Till the end of late 18th century, Banks in India, in the modern sense of the term, weren\u2019t there. During the time of the American Civil War, the supply of cotton to Lancashire (The textile hub of UK) stopped from the Americas. At that time some banks were opened, which functioned as entities to finance industry, including speculative trades in cotton. Most of the banks opened in India during that period could not survive and failed because of the high risk which came with large exposure to speculative ventures. It was a disaster for depositors who lost money and therefore lost interest in keeping deposits with banks.
In the year 1786, The General Bank of India was the first bank to come into existence in India. And then, almost a century later, in the year 1870, The Bank of Hindustan became the 2nd bank in India. Unfortunately, both these banks are now defunct.1
think that the entry of foreign banks in India is only a post-reform phenomenon, they are absolutely incorrect. In fact, in as early as 1850s, foreign banks like Credit Lyonnais started their Calcutta (now Kolkata) operations. At that point of time, Calcutta was the most active trading port, thanks to the trade of the British Empire, and due to which banking activity took roots there and prospered.
By the 1900s, the market expanded with the establishment of banks such as Punjab National Bank, in 1895 in Lahore and Bank of India, in 1906, in Mumbai - both of which were founded under private ownership. The Reserve Bank of India formally took on the responsibility of regulating the Indian banking sector from 1935.
At least 94 banks in India failed during the years 1913 to 1918. This was really a turbulent time for the world as a whole and the banking sector in India specially. This was the period which witnessed the First World War (1914-1918). Since then through the end
of the Second World War (1939-1945), and two years thereafter until India achieved independence, were very challenging period for Indian banking. The years of the First World War were turbulent, and it took toll on many banks which simply collapsed despite the Indian economy gaining indirect boost due to war-related economic activities. There were at least 106 numbers of banks which downed shutters during that period. Following is a table giving year wise closed banks\u2019 detail during the period;2
The partition of India bought about a social unrest throughout India in 1947. Riot and chaos ruled. The most adversely impacted provinces were the Punjab and West Bengal. So did the economies of both these provinces. As a result, the banking activities had remained paralyzed for months. Till then the banking sector was wide open and there were almost no regulation. Most of the promoters were private players. With Independence, things started changing. Rather the independence marked the end of a regime of theLaissez-faire for the Indian banking. The new government initiated a process of playing an active role in the economy of the nation. The Industrial Policy Resolution adopted by the government in 1948 was the first step towards it. The resolution opted for a mixed economy. This resulted into greater control and involvement of the state in different segments of the economy, more so, in the sensitive sectors including banking and finance. The important banking regulatory steps were as follows:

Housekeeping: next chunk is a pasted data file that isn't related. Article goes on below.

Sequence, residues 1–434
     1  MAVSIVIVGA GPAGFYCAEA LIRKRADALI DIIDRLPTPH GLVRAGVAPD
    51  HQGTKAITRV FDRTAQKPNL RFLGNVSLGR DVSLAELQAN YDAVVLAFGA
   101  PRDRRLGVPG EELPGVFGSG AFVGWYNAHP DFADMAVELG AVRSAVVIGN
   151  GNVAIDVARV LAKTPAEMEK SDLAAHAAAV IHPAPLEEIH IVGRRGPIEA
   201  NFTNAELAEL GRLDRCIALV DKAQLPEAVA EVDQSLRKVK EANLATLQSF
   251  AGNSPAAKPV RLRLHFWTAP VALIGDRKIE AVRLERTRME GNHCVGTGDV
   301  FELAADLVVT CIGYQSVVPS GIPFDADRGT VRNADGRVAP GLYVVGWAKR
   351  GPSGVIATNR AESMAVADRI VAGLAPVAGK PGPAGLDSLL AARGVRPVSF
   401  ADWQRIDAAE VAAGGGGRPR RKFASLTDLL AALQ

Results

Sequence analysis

With the enactment of the Banking Regulation Act in 1949, the Reserve Bank of India (RBI) got empowered "to regulate, control, and inspect the banks in India."
The Banking Regulation Act also provided that no new bank or branch of an existing bank may be opened without a license from the RBI, and no two banks could have common directors.
Interestingly, despite these provisions, control and regulations, almost all banks in India except the State Bank of India, continued to be owned and operated by private persons. However, the situation changed dramatically with the nationalization of major banks in India on 19th July, 1969.
From Independence, it took some years for the banking sector to mature. By 1960s, the Indian banking industry did occupy an important position to facilitate the development of the Indian economy. Moreover, it did employ a quantum volume which could affect national economy. It resulted in a debate about the possibility to nationalize the banking industry. At that point, during the annual conference of the All India Congress Meeting, in a paper entitled "Stray thoughts on Bank Nationalisation", Indira Gandhi, the-then Prime Minister of India expressed the intention of the GOI favouring nationalisation. The paper was received with positive enthusiasm. Thereafter, in a swift and sudden move, the GOI issued an ordinance and nationalised the 14 largest commercial banks with effect from the midnight of July 19, 1969. The decision was even termed as a "masterstroke of
within the next fortnight of issuing the ordinance, the Parliament passed the Banking Companies (Acquisition and Transfer of Undertaking) Bill. The bill finally received the presidential approval on 9th August, 1969.
In 1980, there came the second phase of nationalisation of 6 more commercial banks. The reason forwarded for this was to have more control of credit delivery by the government. By the time, GOI effectively got hold of 91% control of the total banking business of India.
In the early 1990s, with the Narsimha Rao government embarking on a policy of liberalisation the situation started changing. Licenses were issued to a small number of private banks, such as Global Trust Bank (the first of such new generation banks to be set up)which later amalgamated with Oriental Bank of Commerce, UTI Bank(now re-named as Axis Bank), ICICI Bank and HDFC Bank. These banks also came to be known asNew
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